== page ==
“My Lifelong Thanks”

flag-147x147On Veterans Day

 

“My Lifelong Thanks”

 

I was a great big second-grader as the Independence Day parade approached.

The first wave was men in old uniforms.

They did not walk,

But marched,

Firmly holding their flags aloft,

A shrunken soldier remembered Cuba and the Spanish-American War.

A grandfather with sagging shoulders had sailed to France for the Great War.

A strong man like my father had traveled the world—Europe, Asia or Africa—in World War II.

A young dad had halted the advance of communism in Korea.

I held my hand over my heart.

Here and there along the sidewalk veterans held a hand firmly against an eyebrow,

Their backs straight as iron rods,

Their toes pointed squarely forward.

These were the men who sold me groceries,

Barbered my hair,

Repaired our car,

Coached basketball,

Volunteered to rush to fires,

Drove the police car,

And sang in the men’s chorus at church.

 

The band blared and boomed.

The floats fired fusillades of color.

The horses whinnied grace and strength.

Walking back to our Chevy,

We passed the color guard.

These men in old uniforms huddled around a cooler.

Clutching their cans,

Chuckling at each other’s stories,

Remembering their buddies who were forever absent.

 

Soon after, my big brothers’ classmates came home from Vietnam,

Strong, razor-sharp young men.

When I began college their less fortunate comrades

Sat in the back of my classes.

They marched to the outdoor ashtray when class ended,

Then wandered the campus—lost.

 

Time marched on.

Far away I taught English where people rode on the roofs of buses.

The walls around my home each wore a Mohawk of embedded glass.

My friends were kidnapped and executed.

When I approached my embassy,

Alert, erect Marines welcomed me inside.

On the 4th of July we swam together,

Playing hot potato with a 50-pound block of ice.

The Marines chopped the water with

Precise butterfly and backstroke,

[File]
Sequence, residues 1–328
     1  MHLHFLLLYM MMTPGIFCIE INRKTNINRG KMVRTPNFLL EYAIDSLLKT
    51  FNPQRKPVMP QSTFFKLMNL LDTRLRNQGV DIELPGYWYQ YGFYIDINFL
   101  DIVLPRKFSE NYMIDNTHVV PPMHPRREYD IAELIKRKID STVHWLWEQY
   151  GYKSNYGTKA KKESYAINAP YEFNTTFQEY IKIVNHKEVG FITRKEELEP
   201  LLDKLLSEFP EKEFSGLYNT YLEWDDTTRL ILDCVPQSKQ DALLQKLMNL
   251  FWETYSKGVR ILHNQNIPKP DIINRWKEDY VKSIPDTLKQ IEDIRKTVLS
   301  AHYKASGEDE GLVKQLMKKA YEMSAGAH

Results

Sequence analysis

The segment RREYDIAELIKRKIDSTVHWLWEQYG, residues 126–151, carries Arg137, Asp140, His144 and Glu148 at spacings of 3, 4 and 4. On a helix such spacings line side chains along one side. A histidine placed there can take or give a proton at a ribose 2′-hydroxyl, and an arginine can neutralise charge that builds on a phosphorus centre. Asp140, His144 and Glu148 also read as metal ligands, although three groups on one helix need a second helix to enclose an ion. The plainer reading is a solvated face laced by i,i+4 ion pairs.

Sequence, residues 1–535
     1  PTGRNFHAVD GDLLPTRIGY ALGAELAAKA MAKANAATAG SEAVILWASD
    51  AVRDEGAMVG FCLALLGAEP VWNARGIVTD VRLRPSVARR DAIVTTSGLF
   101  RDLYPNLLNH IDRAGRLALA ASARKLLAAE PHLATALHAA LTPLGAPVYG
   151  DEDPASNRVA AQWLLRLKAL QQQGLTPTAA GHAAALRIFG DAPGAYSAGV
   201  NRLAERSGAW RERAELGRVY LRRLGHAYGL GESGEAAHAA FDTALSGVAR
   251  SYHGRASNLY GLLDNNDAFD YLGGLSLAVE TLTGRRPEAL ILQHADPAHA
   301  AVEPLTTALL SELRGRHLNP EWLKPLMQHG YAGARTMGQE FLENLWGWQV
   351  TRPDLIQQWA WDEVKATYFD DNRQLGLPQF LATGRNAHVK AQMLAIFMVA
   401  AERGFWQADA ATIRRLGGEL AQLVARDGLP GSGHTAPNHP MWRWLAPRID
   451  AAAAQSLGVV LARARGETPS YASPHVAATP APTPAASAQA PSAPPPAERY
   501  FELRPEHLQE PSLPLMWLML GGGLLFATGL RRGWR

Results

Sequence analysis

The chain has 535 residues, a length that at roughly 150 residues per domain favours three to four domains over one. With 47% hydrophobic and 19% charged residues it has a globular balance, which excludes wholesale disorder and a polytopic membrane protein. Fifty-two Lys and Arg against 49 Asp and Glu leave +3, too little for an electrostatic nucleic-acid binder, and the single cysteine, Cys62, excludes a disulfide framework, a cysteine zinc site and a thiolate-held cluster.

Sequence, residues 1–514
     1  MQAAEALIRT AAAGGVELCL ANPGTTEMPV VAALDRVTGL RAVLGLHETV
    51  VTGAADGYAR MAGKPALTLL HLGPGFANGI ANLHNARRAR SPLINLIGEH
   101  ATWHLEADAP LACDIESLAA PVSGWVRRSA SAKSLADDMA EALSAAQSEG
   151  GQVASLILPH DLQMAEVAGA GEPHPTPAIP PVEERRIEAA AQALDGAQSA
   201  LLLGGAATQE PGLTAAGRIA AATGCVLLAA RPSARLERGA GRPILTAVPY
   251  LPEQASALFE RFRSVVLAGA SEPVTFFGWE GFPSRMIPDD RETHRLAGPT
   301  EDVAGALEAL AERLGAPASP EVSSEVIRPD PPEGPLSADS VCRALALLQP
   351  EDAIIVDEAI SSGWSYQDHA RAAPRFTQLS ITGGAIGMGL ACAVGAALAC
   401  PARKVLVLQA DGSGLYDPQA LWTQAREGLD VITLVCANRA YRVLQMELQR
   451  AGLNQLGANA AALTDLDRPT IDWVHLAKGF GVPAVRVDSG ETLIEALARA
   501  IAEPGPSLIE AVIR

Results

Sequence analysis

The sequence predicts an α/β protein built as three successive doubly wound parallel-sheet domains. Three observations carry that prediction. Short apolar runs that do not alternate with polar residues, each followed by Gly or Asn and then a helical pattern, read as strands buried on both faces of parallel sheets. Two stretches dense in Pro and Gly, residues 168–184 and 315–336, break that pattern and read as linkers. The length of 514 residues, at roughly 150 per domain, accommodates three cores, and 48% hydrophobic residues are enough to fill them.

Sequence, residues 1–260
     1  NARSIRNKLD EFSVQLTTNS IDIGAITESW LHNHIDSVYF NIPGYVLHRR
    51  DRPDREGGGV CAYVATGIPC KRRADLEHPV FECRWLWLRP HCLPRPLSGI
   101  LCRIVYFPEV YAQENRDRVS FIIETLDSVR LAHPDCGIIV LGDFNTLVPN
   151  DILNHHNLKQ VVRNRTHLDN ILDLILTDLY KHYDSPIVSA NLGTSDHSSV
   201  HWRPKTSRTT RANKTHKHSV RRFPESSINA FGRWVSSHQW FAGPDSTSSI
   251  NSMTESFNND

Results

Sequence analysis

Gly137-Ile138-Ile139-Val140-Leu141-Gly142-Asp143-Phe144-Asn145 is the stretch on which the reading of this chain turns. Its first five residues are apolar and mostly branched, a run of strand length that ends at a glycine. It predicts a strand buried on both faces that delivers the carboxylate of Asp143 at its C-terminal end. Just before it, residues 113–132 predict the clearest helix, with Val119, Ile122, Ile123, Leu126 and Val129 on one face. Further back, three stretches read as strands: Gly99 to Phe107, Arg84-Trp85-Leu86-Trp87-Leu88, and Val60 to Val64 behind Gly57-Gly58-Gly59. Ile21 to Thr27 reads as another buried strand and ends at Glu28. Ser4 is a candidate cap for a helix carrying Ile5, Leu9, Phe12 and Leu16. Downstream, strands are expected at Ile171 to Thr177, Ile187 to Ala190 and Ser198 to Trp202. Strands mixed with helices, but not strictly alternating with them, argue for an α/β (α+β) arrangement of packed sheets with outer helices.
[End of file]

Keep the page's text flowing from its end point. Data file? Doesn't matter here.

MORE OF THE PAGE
Smiling and unaware that soon

Brigands would attack,

Bricks and weapons in hand.

Meanwhile, I enjoyed a hot dog and apple pie

Instead of my usual rice and lentils.

 

Home again, I re-entered the college classroom,

Now on the other side of the podium.

Some of my students spent weekends in the National Guard.

Others told me their stories from the Gulf War in Kuwait.

 

Time rolled forward.

My brother’s son flew to Afghanistan

And stood with his comrades against chaos.

 

Today my nieces and nephews sweat and strain in camouflage.

They risk their lives for me.

They tie their boots as the shrunken old men did in Cuba.

They cinch their belts as the slump-shouldered veterans did in WWI France.

They count their push-ups as my father did when he sailed to Japan.

They polish their boots as my father-in-law did when he trained to fight in Korea.

They salute as my PTSD classmates did in Vietnam.

They shout “Yes, sir” as my students did in Kuwait.

They sweat shoulder to shoulder with veterans from Afghanistan and Iraq.

 

Tonight I lay my head on a soft pillow.

Around the globe my heroes stand alert and erect,

Ready to bleed and die for me and for my family.

I humbly offer my lifelong thanks.

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About Ben Unseth

Executive Director at Project Understanding (2014-2017), social service agency in Ventura, CA
This entry was posted in communication, public square, Uncategorized and tagged . Bookmark the permalink.

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